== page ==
This is a bit weird

But instead a gallows was dramatically produced as the condemned man knelt in the middle of the basketball court, weeping and asking for his mother, hands bound behind his back.

The crowd, many of them children, cried and yelled out \”No, no\” or called on God to help them as they realised what was about to happen. Two young men bravely ran up to the revolutionary judges and begged them for mercy.

The worst moment came right at the end, as the hanged man kicked and writhed on the gallows. A determined-looking young woman stepped forward, grabbed him by the legs, and pulled hard on his body until the struggling stopped.

This is used as evidence of what an entire cow the woman, Huda Ben Amer, is. And indeed she may well be a vicious thug who has risen in Gaddafi\’s system.

But back when we had public hangings, back when it was short drop and strangulation rather than long drop and an immediate broken neck (and this isn\’t all that long ago, either, there are certainly reports that the American executioners after Nuremburg used the short drop), to hang onto the legs of those choking to death was regarded as an act of charity. To shorten their suffering: so much so that friends of the condemned might bribe the execitioner to allow them to do this.

No, not defending her at all: just noting how when we do something (or our forefathers did) we seem to view it differently from when Johnny Foreigner does it.

Is to put someone out of their misery really \”the worst moment\”?

10 thoughts on “This is a bit weird”

  1. A slightly more charitable interpretation (for the Nick Meo, not for Ben Amer) would be that she did it merely to bring herself to Gaddaffi’s notice. That she didn’t care about the suffering, or lack of.

    But, yes, there may be no (or few) good ways to die but there are worse ways – and slow strangulation is one of them.

  2. It is strange that it seems, by the account in the article, to have contributed to her rise. Because yes, not only did people bribe the executioner to allow it, but sometimes they were paying the people hanging onto their legs too to provide the service.

  3. Should there be quotation marks around this bit? If not it certainly has the rhythm and sound of the way many arabs speak in English – or maybe that’s just native bad journalism –

    “Before Al-Sadek’s hanging, Mrs Ben Amir was a nobody, living in a miserable two-room bungalow in central Benghazi. Afterwards her family enjoyed living in a huge home in the most upmarket part of Benghazi, with a view of the Mediterranean from the top floor. She had big houses, nice cars, and a lifestyle of parties and foreign travel.”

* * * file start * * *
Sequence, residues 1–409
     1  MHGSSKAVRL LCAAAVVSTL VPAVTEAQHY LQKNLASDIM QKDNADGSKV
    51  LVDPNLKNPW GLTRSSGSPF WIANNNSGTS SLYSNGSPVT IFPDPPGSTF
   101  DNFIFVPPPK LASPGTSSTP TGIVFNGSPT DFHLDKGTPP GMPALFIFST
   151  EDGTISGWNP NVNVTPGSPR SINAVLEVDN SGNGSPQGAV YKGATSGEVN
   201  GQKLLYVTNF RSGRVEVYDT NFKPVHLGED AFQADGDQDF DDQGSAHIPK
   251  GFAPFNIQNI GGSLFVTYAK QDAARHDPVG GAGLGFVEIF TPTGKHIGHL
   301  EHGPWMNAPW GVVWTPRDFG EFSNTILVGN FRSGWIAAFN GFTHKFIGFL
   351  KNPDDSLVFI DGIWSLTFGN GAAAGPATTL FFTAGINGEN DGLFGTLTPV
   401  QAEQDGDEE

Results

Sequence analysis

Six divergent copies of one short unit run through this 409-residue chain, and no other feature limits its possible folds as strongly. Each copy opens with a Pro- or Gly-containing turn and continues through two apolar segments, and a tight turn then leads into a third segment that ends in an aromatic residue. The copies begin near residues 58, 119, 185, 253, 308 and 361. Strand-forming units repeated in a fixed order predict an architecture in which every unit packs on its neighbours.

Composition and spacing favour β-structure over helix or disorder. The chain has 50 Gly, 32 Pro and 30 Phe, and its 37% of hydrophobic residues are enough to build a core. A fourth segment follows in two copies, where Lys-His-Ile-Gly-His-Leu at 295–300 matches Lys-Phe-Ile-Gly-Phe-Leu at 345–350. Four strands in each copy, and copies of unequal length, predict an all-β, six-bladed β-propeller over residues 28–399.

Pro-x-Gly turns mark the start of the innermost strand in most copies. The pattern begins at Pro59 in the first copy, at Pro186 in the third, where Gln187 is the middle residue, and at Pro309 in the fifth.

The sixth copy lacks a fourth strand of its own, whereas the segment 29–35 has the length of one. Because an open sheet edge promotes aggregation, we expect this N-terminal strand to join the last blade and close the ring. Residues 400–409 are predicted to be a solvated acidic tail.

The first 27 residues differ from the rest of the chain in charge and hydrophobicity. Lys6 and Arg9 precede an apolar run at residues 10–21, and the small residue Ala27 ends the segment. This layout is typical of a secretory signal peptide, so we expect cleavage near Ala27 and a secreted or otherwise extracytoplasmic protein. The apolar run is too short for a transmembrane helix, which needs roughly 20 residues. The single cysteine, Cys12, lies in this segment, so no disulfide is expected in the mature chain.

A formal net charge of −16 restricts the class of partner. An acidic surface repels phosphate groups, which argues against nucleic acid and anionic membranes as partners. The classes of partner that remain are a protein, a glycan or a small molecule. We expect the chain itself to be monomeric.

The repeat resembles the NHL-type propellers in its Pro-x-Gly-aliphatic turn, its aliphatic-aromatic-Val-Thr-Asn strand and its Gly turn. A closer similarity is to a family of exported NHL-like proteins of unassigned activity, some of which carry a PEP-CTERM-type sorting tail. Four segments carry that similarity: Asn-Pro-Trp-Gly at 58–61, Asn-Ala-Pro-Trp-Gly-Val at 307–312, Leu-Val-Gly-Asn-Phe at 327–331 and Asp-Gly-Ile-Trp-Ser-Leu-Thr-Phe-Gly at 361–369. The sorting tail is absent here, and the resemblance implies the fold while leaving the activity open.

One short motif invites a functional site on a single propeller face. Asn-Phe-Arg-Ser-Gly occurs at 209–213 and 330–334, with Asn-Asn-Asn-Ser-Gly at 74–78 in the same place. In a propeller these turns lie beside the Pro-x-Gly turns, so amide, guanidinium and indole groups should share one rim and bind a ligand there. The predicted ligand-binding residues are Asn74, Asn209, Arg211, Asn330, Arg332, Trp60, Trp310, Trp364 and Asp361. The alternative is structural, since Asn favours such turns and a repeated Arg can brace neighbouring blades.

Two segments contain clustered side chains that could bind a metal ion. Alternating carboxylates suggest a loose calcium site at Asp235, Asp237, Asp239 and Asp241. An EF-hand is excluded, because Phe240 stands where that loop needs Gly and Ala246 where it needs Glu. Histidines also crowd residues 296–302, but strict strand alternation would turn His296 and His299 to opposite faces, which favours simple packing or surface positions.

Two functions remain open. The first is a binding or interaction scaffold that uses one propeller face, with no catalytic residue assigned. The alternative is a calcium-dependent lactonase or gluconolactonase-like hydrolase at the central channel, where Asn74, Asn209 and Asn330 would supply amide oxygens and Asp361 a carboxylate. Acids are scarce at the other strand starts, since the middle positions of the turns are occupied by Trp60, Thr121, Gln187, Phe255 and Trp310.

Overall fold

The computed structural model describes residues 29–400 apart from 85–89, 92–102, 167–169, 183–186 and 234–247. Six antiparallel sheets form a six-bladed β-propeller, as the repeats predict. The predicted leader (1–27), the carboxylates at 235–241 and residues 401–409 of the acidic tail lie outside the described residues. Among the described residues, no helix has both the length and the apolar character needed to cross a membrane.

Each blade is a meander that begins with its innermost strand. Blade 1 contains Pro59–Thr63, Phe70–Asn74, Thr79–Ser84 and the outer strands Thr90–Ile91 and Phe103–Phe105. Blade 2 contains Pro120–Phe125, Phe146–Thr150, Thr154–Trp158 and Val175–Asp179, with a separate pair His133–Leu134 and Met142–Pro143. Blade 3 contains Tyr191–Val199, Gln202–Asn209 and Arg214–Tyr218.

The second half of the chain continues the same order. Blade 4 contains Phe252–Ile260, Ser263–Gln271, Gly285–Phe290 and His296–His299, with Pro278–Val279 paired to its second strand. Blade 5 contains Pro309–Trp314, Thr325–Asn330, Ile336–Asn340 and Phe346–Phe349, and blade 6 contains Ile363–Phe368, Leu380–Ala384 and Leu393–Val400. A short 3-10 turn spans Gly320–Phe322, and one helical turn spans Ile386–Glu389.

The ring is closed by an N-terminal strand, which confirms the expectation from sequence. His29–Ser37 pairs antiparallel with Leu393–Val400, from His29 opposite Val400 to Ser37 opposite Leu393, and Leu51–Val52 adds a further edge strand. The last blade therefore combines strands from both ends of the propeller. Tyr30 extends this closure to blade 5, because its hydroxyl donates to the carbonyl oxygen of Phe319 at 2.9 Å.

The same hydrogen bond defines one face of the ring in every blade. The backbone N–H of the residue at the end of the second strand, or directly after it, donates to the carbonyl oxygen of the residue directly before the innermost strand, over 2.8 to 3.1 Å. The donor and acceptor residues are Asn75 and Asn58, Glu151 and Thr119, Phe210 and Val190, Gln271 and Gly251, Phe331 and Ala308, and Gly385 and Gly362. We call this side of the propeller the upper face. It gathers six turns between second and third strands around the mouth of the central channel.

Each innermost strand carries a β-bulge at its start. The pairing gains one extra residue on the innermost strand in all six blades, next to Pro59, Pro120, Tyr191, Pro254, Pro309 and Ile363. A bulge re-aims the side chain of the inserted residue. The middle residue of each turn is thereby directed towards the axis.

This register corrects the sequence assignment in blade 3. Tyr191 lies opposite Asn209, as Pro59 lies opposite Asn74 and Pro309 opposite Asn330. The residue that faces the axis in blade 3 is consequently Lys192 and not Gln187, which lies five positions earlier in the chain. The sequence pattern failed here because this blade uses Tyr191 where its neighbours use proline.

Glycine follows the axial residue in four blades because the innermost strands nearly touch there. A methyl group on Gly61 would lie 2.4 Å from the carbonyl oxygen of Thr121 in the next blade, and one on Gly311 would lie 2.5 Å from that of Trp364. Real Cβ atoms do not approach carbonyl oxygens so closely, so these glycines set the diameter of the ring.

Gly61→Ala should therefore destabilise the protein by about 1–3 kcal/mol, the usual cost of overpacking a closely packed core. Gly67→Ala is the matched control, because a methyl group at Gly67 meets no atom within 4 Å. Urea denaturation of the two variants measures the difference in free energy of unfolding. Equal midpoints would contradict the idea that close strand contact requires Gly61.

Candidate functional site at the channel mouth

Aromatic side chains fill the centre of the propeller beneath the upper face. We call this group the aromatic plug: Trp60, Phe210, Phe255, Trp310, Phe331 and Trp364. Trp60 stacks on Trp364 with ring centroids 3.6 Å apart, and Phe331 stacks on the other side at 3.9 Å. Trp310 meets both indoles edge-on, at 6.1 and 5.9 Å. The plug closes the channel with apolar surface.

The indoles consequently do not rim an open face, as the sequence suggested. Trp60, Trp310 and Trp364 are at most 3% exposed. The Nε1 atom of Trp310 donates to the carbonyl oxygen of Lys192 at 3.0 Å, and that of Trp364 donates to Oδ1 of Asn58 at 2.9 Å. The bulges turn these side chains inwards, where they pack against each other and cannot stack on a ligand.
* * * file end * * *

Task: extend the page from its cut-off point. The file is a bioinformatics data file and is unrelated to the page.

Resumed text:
Love the view from the top floor.

    viva la revolucion.

  4. So Much For Subtlety

    MikeinAppalachia – “It is noteworty that America was using longer drops thatn the British”

    Maybe Americans have thicker necks. One of the risks of the long drop is that the head is ripped clean off. As happened with the last woman to be executed in front of journalists in the UK. Apparently they were sprayed with blood. So the Home Office did not allow anyone to witness executions afterwards.

  5. I’m not sure the Seppo executioner at Nuremburg used the short drop method, I’d never heard that complaint before.

    Pierrepoint did complain, however, that the guy brought in had never hanged anyone (he was a gasser or an electrocuter by trade) and that he had a drinking problem, both of which offended Albert’s sense of propriety.

    Britain’s chief hangman also noted that the trap in the gallows was way too small, causing the “customers” to get seriously banged up on their way down. Evidence of this was also noted by journalists who watched the show.

  6. Tim,

    Tunisia’s former colonial power stopped public executions in 1936, I think, and am well open to correction on that one; the journalist Webb Miller timed Landru’s, in 1922, at 26 seconds from start to finish (opening of the prison doors to head in the basket).

    Given the nature of French colonial administration, I would imagine a reversion to public executions in a former colony would be a step backward; just as Idi Amin’s mass executions and butchery were a definite step backward either for, or from, us.

    Kingsbury Smith’s account of the Nuremberg executions indicates that the only one whose legs were pulled was Streicher. He seemed careful not to record the gallows’ height; however, he might be suggesting that a short drop was used when he wrote of Sauckel’s execution that “(t)he trap was sprung at 2.26 am and, as in the case of Streicher, there was a loud roan from the gallows pit as the noose snapped tightly under the weight of his body”.

    All bloody morbid, and makes me grateful we don’t have a death penalty any more.

  7. To clarify, the executioner at Nuremberg didn’t use a “short drop”, he used a “fixed drop”. Not quite the same thing.

    In a proper long drop, each “customer” gets a custom drop, calculated using his/her weight, and any adjustment that the hangman felt appropriate based on his experience (i.e. thick-necked athletic customer might get a slightly longer drop than specified by the “table of drops”).

    In a fixed drop, each victim gets the same standard drop. In the Nuremberg example it was five feet IIRC. This may be enough for some or most “customers”, but will be too short for some, as was the case at Nuremberg.

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